Trekkin' in the Sacred Valley

Trekkin’ in the Sacred Valley

(aka the most challenging endurance test of my life)


Here’s Ryan and I at the start of our trek. Happy, breathing, and excited for what lies ahead, little did we know what kind of challenge we got ourselves in to…

As stated in my last post my mini “flu” sickness pushed our camping trek back a day. Cusco is a city surrounded by mountains, valleys, and many options for trekking. I wanted to…

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The Lares Trek - Day 2

Day 2 is the hardest and the highest day of the trek. We hiked up to the peak of the mountain and descended it after 5 hours of treking to have lunch next to a beautiful lake. At 7 am we began our ascent parallel to a hill of llamas proudly strutting their stuff - it was quite clear whose territory we were in. Being in the presence of so many llamas naturally led to the creation of a series of llama based jokes. For the Spanish speakers – “Llamas a mi” and “Como se llama, llama?” Hi-flippin-larious.

Further up the mountain we paused for a little lie down and befriended a pack of rather goofy dogs who accompanied another “pop-up” shop. It’s official, you can buy Coca Cola literally anywhere in the world. On top of a remote Andean mountain, surely not, I hear you say? Oh yes, you can! Stocked up on Gatorade we left our Andean Tesco express and their dog pack. From this point the world turned white. All of the mountain tops were peaked with snug berets of snow. Our guide told us that this is really unusual and normally the peaks are bare, even though we were there during Peruvian winter. Trudging through the snowy path we put our walking sticks to good use and eventually made the summit. We were the first group of the day to arrive at the top. Naturally, the only appropriate response was to whack out the ol’ welsh flag and give it a good ol’ wave.

After another superb lunch we meandered down the valley, to reach Base Camp 2. On every corner you’re greeted by blasé llamas, local people in beautiful, vivid traditional dress and only wearing threadbare sandals on their feet. We did discover however that there is one particularly viscous plant to look out for. There’s a plant that is made of spines and when you touch it they come away in your hand or in my case, left bum cheek. When stooping down to take a photo of Steven by the lake I literally got the bum deal. It smarted for hours.


lares trek

The Lares Trek - Day 3

Our wakeup call on Day three was the unpromising sound of rain drumming a tattoo on our tent roof. Option 1: throw our hands up in despair and bemoan our luck. Option 2: tiny tent fist pump, because I was able to use all of the hiking kit I´d brought! Option two all the way, it was time to whack out the ol´waterproof pantaloons and jacket.  Decked head to toe in waterproofs we tucked into our penultimate meal that through some miracle of campfire cooking was an entire chocolate cake.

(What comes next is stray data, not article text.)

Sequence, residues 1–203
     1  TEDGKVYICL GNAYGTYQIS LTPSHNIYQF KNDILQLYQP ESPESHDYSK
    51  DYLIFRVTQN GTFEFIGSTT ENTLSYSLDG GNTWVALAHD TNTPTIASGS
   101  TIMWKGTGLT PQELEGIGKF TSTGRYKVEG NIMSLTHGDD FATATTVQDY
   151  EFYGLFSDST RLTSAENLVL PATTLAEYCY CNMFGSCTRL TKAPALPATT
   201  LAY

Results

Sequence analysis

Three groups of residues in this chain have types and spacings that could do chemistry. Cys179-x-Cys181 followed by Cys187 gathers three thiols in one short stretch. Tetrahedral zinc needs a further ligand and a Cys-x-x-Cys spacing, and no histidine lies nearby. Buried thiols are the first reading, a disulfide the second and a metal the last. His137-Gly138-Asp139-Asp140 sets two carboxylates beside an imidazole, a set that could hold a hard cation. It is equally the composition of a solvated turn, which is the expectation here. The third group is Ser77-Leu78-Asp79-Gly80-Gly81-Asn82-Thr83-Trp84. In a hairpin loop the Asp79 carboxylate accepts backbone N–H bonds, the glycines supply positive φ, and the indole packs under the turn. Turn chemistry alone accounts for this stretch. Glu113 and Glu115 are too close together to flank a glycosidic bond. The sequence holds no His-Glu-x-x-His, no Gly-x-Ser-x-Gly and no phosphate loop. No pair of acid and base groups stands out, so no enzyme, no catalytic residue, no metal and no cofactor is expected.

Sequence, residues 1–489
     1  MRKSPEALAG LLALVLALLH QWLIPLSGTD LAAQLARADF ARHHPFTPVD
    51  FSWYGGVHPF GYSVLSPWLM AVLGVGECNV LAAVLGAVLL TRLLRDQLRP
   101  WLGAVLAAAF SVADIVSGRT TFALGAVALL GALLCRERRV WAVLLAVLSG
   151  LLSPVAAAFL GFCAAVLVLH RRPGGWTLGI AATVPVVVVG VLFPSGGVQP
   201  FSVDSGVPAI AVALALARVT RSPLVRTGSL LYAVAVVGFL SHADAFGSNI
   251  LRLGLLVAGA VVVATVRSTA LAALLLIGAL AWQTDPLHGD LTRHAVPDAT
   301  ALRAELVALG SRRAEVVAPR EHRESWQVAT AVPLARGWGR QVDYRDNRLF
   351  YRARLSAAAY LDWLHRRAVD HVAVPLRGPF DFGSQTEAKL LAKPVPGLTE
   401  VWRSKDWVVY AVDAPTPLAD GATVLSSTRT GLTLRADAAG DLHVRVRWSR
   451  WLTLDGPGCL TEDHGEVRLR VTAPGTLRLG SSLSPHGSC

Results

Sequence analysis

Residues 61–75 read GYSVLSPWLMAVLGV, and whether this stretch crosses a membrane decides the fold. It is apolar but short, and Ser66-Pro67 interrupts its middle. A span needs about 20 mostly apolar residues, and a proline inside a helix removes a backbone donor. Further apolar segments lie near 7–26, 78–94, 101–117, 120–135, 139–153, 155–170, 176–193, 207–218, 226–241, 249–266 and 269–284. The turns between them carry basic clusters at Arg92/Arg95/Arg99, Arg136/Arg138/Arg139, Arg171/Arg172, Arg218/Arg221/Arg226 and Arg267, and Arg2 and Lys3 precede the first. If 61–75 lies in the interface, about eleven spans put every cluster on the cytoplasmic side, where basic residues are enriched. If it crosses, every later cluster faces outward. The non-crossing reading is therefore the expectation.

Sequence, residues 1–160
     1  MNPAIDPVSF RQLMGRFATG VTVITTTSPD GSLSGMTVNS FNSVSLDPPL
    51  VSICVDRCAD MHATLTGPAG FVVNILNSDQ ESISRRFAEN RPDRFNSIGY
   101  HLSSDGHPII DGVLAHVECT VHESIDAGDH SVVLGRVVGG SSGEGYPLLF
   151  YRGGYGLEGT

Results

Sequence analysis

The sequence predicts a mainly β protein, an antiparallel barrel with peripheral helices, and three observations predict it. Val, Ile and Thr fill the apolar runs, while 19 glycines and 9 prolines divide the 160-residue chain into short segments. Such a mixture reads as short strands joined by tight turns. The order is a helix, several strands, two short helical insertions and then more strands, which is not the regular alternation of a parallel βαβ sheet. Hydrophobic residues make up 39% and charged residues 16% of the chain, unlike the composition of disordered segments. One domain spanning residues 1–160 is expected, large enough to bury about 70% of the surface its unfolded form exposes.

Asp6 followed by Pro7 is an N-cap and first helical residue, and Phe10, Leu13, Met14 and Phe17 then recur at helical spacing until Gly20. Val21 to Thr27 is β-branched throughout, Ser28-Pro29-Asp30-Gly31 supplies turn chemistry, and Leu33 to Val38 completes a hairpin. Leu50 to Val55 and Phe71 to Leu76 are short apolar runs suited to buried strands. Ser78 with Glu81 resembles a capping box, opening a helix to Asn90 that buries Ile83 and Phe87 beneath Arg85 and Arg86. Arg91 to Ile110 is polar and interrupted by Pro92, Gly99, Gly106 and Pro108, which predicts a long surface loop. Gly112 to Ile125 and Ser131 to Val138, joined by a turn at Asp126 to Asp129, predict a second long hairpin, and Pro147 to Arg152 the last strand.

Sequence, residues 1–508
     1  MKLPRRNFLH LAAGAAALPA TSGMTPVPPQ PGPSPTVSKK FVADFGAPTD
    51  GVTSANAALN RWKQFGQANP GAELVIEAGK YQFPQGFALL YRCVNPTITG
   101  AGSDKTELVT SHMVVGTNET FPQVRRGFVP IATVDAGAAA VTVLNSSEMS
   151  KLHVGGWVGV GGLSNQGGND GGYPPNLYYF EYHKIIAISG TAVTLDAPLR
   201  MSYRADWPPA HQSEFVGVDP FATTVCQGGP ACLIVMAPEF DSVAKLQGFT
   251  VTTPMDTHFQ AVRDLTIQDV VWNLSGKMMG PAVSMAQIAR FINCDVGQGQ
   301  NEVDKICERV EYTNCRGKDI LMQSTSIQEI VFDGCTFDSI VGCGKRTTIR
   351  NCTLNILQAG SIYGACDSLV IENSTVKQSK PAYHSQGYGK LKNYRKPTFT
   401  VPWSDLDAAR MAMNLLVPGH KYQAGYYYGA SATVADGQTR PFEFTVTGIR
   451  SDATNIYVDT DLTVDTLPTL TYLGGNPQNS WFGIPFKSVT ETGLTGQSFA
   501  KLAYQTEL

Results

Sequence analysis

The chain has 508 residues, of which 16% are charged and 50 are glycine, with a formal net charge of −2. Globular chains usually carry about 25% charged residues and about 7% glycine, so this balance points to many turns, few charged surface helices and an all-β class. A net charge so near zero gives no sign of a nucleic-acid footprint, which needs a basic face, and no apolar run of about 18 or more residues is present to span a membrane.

Stomachs lined with slabs of cake we ventured out into the rain. We were following the windy, sleepy road that leads down the valley to the ancient Inka town of Ollantaytambo. Twenty minutes in, our porter team drew up alongside us and offered us a lift down the remaining 15km of road in a cosy, dry van. But, despite the pleading eyes of our guide who was looking a darn sight more miserable and cold in the rain than we were, we politely declined temptation. Taking short cuts ain’t what it’s about! So with the rain falling, the steep mountain passes that shot up on either side of the road and the odd local shouldering a tree trunk were our company for the morning. Apparently the majority of the other Lares trekking groups opted for a lift down the valley instead of walking in the rain. Armed with the knowledge that we were only two out of a handful of intrepid souls that actually completed the ultimate part of the trek, we proudly sat down to our final meal with Jaime the wizard cook in the town of Ollantaytambo.

Surrounded by mist shrouded mountain tops, Ollantaytambo is the only Incan town to retain its original city layout with Incan drainage systems, which fed by that night’s rain, were raging down the side streets. We spent the afternoon wandering around in the rainy haze, did a spot of lunch shopping for Macchu Picchu and finished it up with some fresh juice and a very welcome internet top-up at an organic café.

We left Ollantaytambo to catch the 7 o clock train to Aguas Calientes, the town at the base of the Macchu Picchu Mountain. And, so, happily tucked away in first class, we enjoyed our free cup of sprite alongside the bottle of Argentina wine that we´d smuggled on board.